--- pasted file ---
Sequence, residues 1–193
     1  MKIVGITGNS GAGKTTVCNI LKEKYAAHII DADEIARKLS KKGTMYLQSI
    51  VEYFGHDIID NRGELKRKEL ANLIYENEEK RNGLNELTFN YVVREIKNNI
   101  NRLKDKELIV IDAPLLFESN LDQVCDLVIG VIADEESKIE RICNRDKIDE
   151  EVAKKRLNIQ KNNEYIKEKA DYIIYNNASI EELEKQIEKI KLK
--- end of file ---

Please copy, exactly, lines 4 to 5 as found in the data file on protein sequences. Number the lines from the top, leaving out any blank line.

   101  NRLKDKELIV IDAPLLFESN LDQVCDLVIG VIADEESKIE RICNRDKIDE
   151  EVAKKRLNIQ KNNEYIKEKA DYIIYNNASI EELEKQIEKI KLK